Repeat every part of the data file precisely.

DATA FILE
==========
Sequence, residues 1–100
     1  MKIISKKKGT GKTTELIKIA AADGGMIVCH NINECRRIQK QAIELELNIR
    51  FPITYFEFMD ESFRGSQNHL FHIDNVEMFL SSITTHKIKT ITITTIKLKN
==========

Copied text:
Sequence, residues 1–100
     1  MKIISKKKGT GKTTELIKIA AADGGMIVCH NINECRRIQK QAIELELNIR
    51  FPITYFEFMD ESFRGSQNHL FHIDNVEMFL SSITTHKIKT ITITTIKLKN